How Color Psychology Affects Marketing


:This image is a color wheel that demonstrates the cool and warm colors. Credit: Monochromatic Color Scheme – Kathy K. Wylie Quilts

Megan Wang, photojournalist

Have you ever had that feeling where suddenly you get a pang of hunger the minute you drive past a McDonalds or In and out, even though your stomach isn’t hungry. This is your subconscious responding to the logo’s colors. Therefore, it is known as color psychology. 


So, what is color psychology? To be put in simple terms, it is the study of how color affects our mood, perception, and choices. This study researches how colors can provoke emotions or perceptions of a business, person, and environment as phrased in Very Well Mind


A stop sign can give off the signal to indicate alertness of oncoming danger or traffic. Such as the color red can give the perception of confidence, alertness, and sense of control. Another example is the color blue, which can give off cold, calm, and serene undertones. Or the color pink which can stimulate emotions such as playfulness, femininity, innocence, and Romance. This is one of the main reasons why pink is used on Valentine’s Day and Breast Cancer Awareness. 


Warm versus cool colors. Colors including red, yellow, and orange, or even brown are considered warm colors and are thought to stimulate excited emotions and comfort.  On the opposite side of the visible light spectrum can be known as “Cool”. This can include blue, violet, and green. These colors are associated with calmness, coolness, and serenity as mentioned in a study from USC. 


Beyond Color therapy, color psychology can be used for marketing and advertising products. For most marketers and companies their main focus is to captivate their potential customers. This can be through funny gimmicks, catchy slogans, promises, or colors.  USC’s study describes that people make decisions within 90 seconds of their first impression or contact with a product, and color contributes up to 90 percent of their decision. According to USC, brands use the Isolation Effect. Which suggests that a bright or different color in a variety of monotone hues will stand out more. Brands that apply this to packages, products and commercials have much more success in driving customers to purchase.

“It can convey emotions and different colors represent different emotions and the advertisers can use the colors to express what they want to relay to people…Colors could also attract people’s attention especially the bold and bright colors stand out particularly”

— Isabella Shen (10)


Colors such as red and yellow can stimulate the feelings of hunger and playfulness. Companies such as Mcdonalds, In and Out or Carl’s Junior take action in the “Ketchup and Mustard Theory.” While it also reminds us of America’s most popular condiments according to Through which the colors red and yellow subconsciously influence our brains to “drop what we are doing” and get a bite to eat. Another color commonly used in marketing is Red, known to be the color of passion, power, and courage. Brands such as Coca Cola and Louboutin’s are well known examples of this. While known for some of its most iconic tv shows that have appealed to the younger generation. Nickelodeon has used its iconic orange logo since 1984; that has continuously demonstrated playfulness and comfort for kids of all ages as mentioned in Logo Design Magazine.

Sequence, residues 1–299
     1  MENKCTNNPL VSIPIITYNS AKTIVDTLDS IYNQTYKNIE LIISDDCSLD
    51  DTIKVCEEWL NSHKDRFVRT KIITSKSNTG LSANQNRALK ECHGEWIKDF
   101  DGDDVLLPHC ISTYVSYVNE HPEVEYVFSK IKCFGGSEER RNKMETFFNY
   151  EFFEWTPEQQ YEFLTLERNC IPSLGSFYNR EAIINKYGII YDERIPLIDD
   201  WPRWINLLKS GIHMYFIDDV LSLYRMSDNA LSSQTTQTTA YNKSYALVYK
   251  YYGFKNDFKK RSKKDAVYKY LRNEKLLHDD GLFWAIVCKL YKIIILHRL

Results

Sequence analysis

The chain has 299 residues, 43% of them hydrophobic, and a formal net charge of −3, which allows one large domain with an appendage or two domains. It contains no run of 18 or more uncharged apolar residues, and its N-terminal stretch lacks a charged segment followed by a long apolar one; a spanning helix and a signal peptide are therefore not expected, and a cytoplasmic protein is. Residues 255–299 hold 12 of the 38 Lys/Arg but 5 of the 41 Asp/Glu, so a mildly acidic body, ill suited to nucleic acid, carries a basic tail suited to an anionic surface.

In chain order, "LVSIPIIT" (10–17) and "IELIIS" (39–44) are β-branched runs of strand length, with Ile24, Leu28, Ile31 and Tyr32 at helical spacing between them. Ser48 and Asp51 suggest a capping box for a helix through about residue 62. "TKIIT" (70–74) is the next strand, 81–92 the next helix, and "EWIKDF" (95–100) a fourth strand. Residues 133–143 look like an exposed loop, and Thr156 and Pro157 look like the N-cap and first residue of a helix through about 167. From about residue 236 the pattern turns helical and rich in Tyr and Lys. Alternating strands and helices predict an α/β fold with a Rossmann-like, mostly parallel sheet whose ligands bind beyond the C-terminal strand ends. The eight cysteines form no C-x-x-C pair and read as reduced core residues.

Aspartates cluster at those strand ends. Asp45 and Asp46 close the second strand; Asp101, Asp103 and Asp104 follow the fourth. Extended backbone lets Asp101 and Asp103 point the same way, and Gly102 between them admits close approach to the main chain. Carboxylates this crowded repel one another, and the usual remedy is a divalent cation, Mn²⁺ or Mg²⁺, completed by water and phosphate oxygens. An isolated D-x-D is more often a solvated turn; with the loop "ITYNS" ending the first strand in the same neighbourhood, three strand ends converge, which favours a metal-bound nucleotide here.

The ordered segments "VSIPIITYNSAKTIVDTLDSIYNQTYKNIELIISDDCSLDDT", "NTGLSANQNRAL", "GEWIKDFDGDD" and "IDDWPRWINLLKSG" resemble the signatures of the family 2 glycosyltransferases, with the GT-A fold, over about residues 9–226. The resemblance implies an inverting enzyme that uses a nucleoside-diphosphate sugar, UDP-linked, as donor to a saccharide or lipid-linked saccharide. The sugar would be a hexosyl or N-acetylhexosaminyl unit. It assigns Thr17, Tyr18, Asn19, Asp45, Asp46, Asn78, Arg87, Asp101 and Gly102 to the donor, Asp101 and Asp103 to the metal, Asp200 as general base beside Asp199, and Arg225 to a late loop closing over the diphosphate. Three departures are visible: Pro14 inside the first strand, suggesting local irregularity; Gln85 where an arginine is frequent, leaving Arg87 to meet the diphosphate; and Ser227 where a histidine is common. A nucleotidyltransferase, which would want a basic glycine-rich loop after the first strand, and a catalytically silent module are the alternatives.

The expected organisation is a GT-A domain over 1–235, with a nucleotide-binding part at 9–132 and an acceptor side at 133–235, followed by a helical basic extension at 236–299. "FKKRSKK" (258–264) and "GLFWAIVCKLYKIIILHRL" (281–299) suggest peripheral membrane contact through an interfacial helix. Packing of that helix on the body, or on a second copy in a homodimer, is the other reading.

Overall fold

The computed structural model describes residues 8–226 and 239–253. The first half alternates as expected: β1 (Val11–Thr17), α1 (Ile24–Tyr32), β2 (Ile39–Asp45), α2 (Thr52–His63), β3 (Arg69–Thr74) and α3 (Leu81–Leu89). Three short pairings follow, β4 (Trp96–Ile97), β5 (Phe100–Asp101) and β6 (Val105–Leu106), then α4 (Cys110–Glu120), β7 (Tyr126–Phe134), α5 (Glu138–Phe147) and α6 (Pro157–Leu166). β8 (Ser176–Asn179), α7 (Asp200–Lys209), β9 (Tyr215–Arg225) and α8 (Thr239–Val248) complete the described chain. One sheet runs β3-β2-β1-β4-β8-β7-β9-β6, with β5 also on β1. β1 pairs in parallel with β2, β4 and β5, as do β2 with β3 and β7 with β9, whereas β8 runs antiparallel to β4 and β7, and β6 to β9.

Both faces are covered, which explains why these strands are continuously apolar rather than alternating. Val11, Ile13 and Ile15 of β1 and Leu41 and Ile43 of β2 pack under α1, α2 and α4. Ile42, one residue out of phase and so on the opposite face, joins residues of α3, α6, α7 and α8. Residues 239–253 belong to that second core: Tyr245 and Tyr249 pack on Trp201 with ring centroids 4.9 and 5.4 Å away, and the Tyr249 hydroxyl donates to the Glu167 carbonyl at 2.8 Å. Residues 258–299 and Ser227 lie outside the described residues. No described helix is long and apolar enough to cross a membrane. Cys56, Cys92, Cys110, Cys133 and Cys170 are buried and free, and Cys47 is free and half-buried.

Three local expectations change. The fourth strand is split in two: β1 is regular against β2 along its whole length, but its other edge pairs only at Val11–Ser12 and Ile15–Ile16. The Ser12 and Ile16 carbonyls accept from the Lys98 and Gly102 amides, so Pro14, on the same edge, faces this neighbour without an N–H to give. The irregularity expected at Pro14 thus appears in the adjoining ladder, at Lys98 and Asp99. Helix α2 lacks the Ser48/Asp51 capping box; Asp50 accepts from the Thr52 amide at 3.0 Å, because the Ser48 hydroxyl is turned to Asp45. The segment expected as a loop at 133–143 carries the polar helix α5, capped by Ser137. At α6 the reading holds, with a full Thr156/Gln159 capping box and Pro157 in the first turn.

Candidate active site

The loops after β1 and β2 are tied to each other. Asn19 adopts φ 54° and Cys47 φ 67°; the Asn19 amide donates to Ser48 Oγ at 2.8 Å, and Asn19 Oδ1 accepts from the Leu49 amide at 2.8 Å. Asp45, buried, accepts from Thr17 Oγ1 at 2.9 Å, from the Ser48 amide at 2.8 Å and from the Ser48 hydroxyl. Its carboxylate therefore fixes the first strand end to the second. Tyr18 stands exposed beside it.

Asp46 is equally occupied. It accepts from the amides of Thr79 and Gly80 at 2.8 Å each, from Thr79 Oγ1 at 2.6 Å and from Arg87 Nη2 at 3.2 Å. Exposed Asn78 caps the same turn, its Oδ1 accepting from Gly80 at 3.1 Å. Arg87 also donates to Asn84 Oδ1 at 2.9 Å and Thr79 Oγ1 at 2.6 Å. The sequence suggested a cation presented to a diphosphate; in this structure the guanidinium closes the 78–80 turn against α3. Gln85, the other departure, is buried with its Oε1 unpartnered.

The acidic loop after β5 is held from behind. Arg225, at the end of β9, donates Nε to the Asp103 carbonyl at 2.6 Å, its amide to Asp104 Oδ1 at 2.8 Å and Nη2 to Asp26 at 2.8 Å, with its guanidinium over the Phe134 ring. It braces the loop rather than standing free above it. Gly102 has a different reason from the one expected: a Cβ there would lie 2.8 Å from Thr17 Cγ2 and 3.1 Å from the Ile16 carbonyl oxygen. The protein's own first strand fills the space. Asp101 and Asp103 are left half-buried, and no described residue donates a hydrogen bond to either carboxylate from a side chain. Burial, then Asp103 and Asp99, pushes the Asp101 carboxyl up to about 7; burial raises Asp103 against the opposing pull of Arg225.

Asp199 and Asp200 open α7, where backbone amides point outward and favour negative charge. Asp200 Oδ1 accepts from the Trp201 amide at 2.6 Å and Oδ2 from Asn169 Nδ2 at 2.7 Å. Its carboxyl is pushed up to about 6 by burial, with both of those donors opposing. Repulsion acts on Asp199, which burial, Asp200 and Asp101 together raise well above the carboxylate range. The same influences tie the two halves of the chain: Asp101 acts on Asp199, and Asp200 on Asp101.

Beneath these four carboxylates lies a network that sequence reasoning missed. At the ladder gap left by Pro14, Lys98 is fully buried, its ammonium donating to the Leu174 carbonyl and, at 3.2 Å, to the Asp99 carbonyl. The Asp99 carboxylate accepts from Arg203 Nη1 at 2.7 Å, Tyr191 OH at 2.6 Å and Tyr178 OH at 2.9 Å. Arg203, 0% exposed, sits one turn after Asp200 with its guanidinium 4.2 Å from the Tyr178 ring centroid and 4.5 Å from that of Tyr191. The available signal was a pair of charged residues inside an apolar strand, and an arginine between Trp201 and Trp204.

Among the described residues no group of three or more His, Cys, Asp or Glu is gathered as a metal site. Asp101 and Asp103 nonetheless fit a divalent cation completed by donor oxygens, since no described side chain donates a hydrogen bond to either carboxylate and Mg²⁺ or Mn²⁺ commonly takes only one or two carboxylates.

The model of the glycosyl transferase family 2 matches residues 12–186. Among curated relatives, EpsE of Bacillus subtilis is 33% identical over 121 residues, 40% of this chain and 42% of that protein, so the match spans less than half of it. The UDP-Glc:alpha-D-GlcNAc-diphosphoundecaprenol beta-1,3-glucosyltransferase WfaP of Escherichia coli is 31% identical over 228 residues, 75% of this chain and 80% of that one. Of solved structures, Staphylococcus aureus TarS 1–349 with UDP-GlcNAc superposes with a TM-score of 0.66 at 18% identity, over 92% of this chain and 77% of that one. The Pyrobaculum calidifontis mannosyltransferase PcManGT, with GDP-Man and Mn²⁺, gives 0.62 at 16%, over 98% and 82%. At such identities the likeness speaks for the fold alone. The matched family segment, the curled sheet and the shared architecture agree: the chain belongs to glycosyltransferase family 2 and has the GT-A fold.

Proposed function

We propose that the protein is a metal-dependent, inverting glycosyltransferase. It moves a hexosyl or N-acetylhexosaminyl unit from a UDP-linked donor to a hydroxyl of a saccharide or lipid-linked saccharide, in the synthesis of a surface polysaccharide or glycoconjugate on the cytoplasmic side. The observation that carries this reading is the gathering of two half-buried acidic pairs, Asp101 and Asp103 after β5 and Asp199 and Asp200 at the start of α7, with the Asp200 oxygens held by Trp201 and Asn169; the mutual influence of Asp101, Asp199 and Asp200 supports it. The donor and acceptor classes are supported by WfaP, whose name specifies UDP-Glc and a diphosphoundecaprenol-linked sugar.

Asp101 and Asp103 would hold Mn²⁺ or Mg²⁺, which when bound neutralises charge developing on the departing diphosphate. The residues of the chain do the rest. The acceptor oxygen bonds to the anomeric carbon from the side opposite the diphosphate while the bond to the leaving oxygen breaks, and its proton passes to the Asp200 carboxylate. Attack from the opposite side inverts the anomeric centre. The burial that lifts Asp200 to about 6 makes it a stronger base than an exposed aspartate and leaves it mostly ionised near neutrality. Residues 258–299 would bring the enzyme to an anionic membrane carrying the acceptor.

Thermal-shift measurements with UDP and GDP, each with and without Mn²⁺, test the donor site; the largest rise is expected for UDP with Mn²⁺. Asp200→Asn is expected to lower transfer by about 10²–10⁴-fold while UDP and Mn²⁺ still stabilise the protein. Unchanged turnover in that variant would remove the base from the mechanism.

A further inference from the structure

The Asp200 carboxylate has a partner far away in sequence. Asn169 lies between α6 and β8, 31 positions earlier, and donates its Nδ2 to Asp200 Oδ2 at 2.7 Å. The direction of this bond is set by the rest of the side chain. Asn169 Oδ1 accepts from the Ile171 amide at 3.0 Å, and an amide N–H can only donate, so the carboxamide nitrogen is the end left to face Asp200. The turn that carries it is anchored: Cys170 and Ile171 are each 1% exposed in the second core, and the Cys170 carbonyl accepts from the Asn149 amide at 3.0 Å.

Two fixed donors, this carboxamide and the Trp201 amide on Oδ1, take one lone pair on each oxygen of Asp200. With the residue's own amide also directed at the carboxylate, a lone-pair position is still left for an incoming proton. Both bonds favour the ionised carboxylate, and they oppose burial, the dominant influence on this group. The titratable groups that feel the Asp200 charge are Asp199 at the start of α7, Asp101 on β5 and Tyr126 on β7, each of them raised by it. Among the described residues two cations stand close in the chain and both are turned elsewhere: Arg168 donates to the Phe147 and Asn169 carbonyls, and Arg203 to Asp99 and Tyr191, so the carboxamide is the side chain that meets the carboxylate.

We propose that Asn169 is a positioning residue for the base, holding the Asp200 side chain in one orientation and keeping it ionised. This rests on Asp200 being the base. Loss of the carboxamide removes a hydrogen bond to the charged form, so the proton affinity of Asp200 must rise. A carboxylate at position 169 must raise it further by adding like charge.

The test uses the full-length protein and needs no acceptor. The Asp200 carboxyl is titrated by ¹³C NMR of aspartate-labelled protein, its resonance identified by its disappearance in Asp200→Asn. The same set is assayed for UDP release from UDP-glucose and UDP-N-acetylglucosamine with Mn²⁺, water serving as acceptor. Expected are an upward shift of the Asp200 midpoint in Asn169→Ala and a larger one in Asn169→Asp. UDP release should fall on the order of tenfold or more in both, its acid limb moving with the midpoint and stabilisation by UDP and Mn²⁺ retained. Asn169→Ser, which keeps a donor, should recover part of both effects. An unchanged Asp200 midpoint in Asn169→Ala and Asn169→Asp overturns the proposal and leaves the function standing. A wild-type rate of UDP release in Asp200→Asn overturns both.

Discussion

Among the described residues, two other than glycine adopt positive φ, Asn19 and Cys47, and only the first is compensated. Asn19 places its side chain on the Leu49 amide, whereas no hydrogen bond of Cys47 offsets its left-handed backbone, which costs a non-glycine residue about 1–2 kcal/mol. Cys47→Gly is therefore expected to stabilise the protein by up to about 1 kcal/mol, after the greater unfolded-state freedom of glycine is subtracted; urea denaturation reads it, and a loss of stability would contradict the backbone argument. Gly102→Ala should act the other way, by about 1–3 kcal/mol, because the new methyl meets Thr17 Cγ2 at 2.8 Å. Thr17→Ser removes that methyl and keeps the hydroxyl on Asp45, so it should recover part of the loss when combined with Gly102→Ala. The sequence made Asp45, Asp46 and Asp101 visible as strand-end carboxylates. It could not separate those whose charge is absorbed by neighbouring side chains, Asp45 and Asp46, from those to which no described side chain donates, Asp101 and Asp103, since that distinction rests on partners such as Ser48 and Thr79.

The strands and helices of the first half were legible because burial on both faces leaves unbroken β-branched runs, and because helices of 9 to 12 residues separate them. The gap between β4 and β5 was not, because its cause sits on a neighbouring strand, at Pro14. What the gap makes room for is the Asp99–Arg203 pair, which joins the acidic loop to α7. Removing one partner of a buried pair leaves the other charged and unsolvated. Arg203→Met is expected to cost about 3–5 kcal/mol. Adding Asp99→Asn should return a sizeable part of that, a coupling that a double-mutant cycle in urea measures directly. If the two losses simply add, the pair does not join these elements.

An example of how cool colors can have a play in marketing, is a yoga or athletic company; that uses hues of blue throughout their products and stores. So, the moment you enter their store you instantly feel involved in a soothing environment with a slower pace of living. This is because blue is used to illustrate a serene and calming look, but blue is not only used for the emotions of tranquility, it can also be used to illustrate feelings of logic and communication. Well known social media and communication brands that use this are twitter, Facebook and LinkedIn. Another cooler on the “cooler side” is purple, which shows quality, luxury, and fascination.

Factors that influence color perception include age, gender, and culture. Such as the color white which can be associated with happiness and purity, like a woman who is wearing white on her wedding day. To someone from a different culture, which may have the perception of wearing white may signify sadness. In some cultures, white is associated with grief and death. An example is wearing white on a happy occasion or having a white garment on your head. Color psychology is a universal psychological factor influencing decisions, feedback, and memories worldwide. One study in 2020 tested the emotional perception of 4,598 people within 30 different countries. The study then found that people commonly associate certain colors with specific emotions. Such as Black which 51% of surveyed thought was associated with grief and 35% linked blue to feelings of serenity and relief according to Very Well Mind.